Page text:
Gerald Fleming receives EMS Silver Medal

Outstanding contribution to enhancing communication

Gerald Fleming (photo private)The European Meteorological Society has chosen Gerald Fleming as Laureate of the EMS Silver Medal 2019. This award recognises his outstanding contribution to the communication of meteorological information through enhancing the public understanding of meteorological services and issues, and strengthening and fostering expertise in broadcast meteorology.

The Silver Medal ceremony, which includes a Silver Medal Lecture by the Laureate, will be held on Monday, 9 September 2019, during the Annual Meeting of the EMS in Copenhagen, Denmark.

Silver Medal Lecture: “From Cardboard Charts to Climate Change – Four Decades of Challenges in Communicating Weather Information“.

Gerald Fleming said “When I heard that I was to receive the EMS Silver Medal, my mind immediately went to that pantheon of meteorological “greats” who are previous recipients. To be considered worthy to stand beside people like Julia Slingo, Peter Lynch, David Burridge and Tillmann Mohr is a tremendous honour, and I am deeply grateful to the EMS Council for this recognition of my work“.

Gerald Fleming

Gerald Fleming has played a key role in helping to enhance effective communication between the providers of meteorological services and the broad range of users of those services. He is recognised throughout Europe, and beyond, as a leader in meteorological communication, and has made major contributions to the development and recognition of public weather services (PWS) as an important area of work for National Meteorological and Hydrological Services (NMHSs).

As a co-founder of the International Association of Broadcast Meteorologists (IABM) and member of the EMS Media and Communications Team, he has been a strong advocate of establishing best practices in weather broadcasting and in enhancing the public understanding of meteorological services and issues. Working closely with Radio Telefís Éireann (RTÉ) for over three decades, he recognised the role of weather broadcasters as effective agents in informing citizens and public authorities on how to best use weather forecasts, and subsequently used this experience to help place Met Éireann at the heart of Emergency Response activities in Ireland. He is dedicated to the principle of recognising the impact of weather, and the need to help the public and decision makers anticipate and deal with those impacts, and has tirelessly promoted the approach: “Moving from what the weather will be to what the weather will do”.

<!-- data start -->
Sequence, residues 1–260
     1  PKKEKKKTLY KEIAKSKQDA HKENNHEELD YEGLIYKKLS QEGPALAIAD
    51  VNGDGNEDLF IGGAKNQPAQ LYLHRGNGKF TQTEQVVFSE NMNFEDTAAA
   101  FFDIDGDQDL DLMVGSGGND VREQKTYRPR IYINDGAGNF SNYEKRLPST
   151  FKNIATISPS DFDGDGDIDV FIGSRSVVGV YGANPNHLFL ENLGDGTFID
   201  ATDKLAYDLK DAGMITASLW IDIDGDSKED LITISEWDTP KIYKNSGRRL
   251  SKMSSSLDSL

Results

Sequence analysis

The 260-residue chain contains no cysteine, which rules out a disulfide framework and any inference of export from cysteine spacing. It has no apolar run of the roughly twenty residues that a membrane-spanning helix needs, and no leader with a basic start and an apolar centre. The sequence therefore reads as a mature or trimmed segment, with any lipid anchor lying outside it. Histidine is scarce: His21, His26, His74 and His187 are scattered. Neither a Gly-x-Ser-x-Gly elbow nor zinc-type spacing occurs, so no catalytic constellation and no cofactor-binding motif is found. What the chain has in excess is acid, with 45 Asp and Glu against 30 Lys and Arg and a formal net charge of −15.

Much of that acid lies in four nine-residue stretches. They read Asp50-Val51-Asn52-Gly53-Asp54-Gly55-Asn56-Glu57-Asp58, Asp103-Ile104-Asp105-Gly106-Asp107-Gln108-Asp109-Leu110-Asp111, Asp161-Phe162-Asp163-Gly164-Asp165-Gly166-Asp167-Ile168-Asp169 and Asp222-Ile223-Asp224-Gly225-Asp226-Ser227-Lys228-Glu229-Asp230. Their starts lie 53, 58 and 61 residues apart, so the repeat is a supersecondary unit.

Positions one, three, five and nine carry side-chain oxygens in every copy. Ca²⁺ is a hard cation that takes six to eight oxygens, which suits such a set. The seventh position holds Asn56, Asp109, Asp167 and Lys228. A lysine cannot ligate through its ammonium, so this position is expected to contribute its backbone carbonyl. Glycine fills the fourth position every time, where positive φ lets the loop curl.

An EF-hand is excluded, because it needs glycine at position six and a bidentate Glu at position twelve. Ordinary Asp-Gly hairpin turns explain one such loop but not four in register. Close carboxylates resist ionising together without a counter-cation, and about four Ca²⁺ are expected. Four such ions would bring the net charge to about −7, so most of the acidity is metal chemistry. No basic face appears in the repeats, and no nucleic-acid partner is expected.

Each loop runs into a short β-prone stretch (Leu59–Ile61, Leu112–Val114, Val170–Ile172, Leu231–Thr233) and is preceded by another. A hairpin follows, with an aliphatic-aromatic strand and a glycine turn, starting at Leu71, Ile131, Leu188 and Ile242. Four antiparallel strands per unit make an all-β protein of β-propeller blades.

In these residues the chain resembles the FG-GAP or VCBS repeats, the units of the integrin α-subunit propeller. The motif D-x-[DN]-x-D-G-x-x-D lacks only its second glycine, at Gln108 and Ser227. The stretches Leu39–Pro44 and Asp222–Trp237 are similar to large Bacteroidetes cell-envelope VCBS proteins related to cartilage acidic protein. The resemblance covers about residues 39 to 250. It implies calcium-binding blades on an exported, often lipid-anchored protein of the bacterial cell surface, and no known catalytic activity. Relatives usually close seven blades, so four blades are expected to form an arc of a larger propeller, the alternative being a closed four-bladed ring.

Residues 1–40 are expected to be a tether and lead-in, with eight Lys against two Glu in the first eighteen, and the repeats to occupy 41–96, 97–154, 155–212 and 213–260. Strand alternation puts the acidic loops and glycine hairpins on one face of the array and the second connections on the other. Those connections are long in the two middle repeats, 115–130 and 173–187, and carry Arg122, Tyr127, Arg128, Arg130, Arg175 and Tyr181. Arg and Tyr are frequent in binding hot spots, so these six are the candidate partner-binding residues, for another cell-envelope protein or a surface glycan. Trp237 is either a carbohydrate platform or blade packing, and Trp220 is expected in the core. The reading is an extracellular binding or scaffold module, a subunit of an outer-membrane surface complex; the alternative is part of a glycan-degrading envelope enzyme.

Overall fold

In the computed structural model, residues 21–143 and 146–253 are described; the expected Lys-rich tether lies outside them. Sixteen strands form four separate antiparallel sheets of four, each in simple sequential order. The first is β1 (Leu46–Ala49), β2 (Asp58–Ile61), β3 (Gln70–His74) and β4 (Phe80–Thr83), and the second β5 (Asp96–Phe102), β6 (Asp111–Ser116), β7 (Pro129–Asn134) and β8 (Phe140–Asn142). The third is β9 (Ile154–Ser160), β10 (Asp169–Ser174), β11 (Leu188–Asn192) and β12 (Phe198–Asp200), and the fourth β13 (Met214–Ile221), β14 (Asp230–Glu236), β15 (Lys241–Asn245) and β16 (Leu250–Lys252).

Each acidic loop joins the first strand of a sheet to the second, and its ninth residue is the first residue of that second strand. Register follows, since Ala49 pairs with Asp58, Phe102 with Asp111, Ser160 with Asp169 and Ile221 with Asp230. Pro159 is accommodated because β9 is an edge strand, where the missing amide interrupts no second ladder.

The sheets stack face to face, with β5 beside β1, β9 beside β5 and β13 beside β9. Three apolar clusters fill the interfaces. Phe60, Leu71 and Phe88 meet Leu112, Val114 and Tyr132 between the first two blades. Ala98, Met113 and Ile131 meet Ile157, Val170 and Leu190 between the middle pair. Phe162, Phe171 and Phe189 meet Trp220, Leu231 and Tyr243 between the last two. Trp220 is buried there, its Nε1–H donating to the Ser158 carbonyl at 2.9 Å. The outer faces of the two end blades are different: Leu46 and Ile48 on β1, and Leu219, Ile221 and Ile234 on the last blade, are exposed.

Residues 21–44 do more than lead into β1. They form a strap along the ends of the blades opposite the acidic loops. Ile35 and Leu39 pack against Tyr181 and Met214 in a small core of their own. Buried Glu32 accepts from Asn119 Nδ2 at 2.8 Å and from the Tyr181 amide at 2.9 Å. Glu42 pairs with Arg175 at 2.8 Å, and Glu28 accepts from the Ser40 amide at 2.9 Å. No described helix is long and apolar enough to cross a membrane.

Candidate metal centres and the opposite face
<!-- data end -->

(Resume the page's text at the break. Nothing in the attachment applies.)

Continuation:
As long-time chair of the WMO Open Programme Area Group (OPAG) for PWS, he has been a driving force in developing competency standards for delivering PWS, and developing policy guidance for WMO and NMHSs in PWS matters. His contributions have benefitted many NMHSs, including those in the developing world. His role in highlighting the importance of serving society through developing and delivering meteorological and related services cannot be understated.

As well as leading the OPAG of PWS, he has contributed to many WMO initiatives that have been of benefit to the development of meteorology in Europe and beyond, including:

  • Membership of the Management Group of the Commission for Basic Systems (CBS).
  • Chairing the Expert Team on Media Issues;
  • Membership of the Expert Team on Education and Outreach and the WMO Forum on Social and Economic Applications of Meteorological Services;
  • Delivering training for WMO-sponsored courses on weather broadcasting and weather service delivery;
  • Authoring two chapters of “Valuing Weather and Climate – Economic Assessment of Meteorological and Climate Services” published under the auspices of the World Bank, WMO and Climate Services Partnership;
  • Contributing to or leading a variety of guideline documents on public weather service delivery;
  • Contributing author to the seminal publication “WMO Guidelines on Multi-Hazard, Impact-Based Forecast and Warning Services”.

To all of these activities he has provided commitment, insights and enthusiasm.

He has placed particular emphasis on the need for mutual respect among official state bodies and private operators in the provision of weather information and on the recognition of their complementary roles. Together with the private service providers in Europe he has championed the recent initiative to establish the concept of the Global Weather Enterprise (GWE) developed by the World Bank and WMO, and has introduced this concept into the EMS community.


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